Though she qualifies for a lethal dose, Carrie is instead a leading disability rights lawyer and the sort of mom who makes sure her kids know how to cook and fish and protest social injustice. And!  Carrie has a puppy, too!  Her puppy is even cuter than The Cute Puppy of Death.  Her puppy is named Dart, after disability rights hero Justin Dart.

Support Dart, The Avenging Puppy of Disability Rights:  Vote No on 106!

Image: 9 week old black lab puppy laying on his human, sleeping with ears flopped out.

You can learn more at these sites:


*Linked image shows Labrador puppy on his back, covered with rose petals, advertising Cottonelle toilet paper.

** Linked image shows white guy in ball cap holding a Labrador puppy up to a fence, in which a bottle of Budweiser is perched; a horse looks at the beer bottle from the other side of the photo.

*** Linked image shows one slide from my attempt to explain Title III of the ADA using a photo of our 6-week-old golden retriever puppy with the words, “Title III of the ADA governs businesses like stores, restaurants, and theaters.”

**** As the inimitable Ingrid Tischer once said, how about if the options included adequate, accessible health care, attendant care, durable medical equipment and technology, and pain relief.   I’m pretty sure Ingrid said this, but I couldn’t find a link while I was drafting this, but also didn’t want to take credit for the thought when I’m pretty sure I read it on Tales From the Crip.

***** The official voter guide sets out the opposition thus:

1) Encouraging the use of lethal medication by terminally ill people may send the message that some lives are not worth living to their natural conclusion. People who are in the final stages of life are often in fear of the dying process. The availability of medical aid-in-dying may encourage people to make drastic decisions based on concerns about the potential loss of autonomy and dignity, not realizing that modern palliative and hospice care may effectively address these concerns. Services such as pain and symptom management, in-home services, and counseling can help individuals navigate the end of their lives while minimizing suffering. Promoting medical aid-in-dying may lead to a reduced emphasis on treatment and development of new options for end-of-life care.

2) Proposition 106 creates opportunities for abuse and fraud. The protections in the measure do not go far enough to shield vulnerable people from family members and others who may benefit from their premature death. Proposition 106 allows a family member or heir to be one of the witnesses to a request for the medication, potentially subjecting the individual to coercion. The measure does not require that a physician have any specific training in order to make an assessment of the individual or require independent verification that the medication was taken voluntarily or under medical supervision. Proposition 106 fails to ensure that the lethal medication will be stored in a safe location, potentially placing others at risk or leading to its misuse.

3) Proposition 106 may force physicians to choose between medical ethics and a request to die from a person for whom they feel compassion. The measure compromises a physician’s judgment by asking him or her to verify that an individual has a prognosis of six months or less to live, yet fails to recognize that diagnoses can be wrong and prognoses are estimates, not guarantees. The measure also requires that the physician or hospice director list the terminal illness or condition on the death certificate, which requires these professionals to misrepresent the cause of death.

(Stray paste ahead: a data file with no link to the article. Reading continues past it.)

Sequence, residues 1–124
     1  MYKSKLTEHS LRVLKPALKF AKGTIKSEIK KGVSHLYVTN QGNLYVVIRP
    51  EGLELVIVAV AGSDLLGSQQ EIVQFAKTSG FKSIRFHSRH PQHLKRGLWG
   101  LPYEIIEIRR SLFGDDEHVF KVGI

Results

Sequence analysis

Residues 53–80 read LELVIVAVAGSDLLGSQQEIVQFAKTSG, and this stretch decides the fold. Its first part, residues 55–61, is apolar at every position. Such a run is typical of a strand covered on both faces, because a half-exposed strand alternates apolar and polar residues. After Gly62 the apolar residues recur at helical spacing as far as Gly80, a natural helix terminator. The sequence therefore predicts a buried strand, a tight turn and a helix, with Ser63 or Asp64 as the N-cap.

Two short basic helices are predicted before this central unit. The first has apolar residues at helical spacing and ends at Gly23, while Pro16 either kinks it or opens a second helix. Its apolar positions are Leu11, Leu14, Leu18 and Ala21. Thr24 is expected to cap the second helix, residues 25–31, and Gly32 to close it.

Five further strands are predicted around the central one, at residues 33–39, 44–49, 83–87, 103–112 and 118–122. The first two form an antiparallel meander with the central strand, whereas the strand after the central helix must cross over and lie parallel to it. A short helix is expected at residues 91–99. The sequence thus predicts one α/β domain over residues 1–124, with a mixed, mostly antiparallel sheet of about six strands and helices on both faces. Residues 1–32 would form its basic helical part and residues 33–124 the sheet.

Freedom isn’t free

Image:  American flag with these words written in the white stripes:  Freedom isn't free.  It requires you to be cool  that not everyone agrees with you.

Image:  American flag with these words written in the white stripes:  Freedom isn’t free. It requires you to be cool  that not everyone agrees with you.

The Guardian:  Decision to deny surgery to obese patients is like ‘racial discrimination’ 

The group said it had taken the decision because it was the “best way of achieving maximum value from the limited resources available”.

No, really, this is a great idea.  Let’s change perfectly legal human behavior ex post, as we say in the law biz, by refusing to treat them when this (did I mention perfectly legal?) behavior requires it, and save a boatload in hospital costs, as well.

  • Injured in a car accident because you weren’t wearing a seat belt?  Before we stitch up your head and set your leg, you’ll have to wait six months and take a driving safety course.
  • Too many G&Ts and now your liver is shot?  We’ll wait til you sober up and then treat you.
  • Gout?  You’ll have to spend six months on a macrobiotic diet before you can even get an appointment.
  • Sports injury?  Seriously, that is all your fault.  Spend six months vegging on the sofa with a book like the good Lord intended, and maybe we’ll see to your torn ACL.
  • Shot by a jealous spouse/lover?  Probably should have thought about that before stepping out on them.  Six months of counseling and we’ll be happy to help you with that gun shot wound.

And the great thing, costsavingswise, is that most of the time, you’ll be dead by the time you are eligible for treatment, which is a huge savings.



Source: Decision to deny surgery to obese patients is like ‘racial discrimination’ | Society | The Guardian

Mother Jones: I Spent 5 Years With Some of Trump’s Biggest Fans. Here’s What They Won’t Tell You.

The deep story was a feels-as-if-it’s-true story, stripped of facts and judgments, that reflected the feelings underpinning opinions and votes. It was a story of unfairness and anxiety, stagnation and slippage—a story in which shame was the companion to need.

. . .

We may never know if Trump has done this intentionally or instinctively, but in any case he’s created a movement much like the anti-immigrant but pro-welfare-state right-wing populism on the rise in Europe. For these are all based on variations of the same Deep Story of personal protectionism.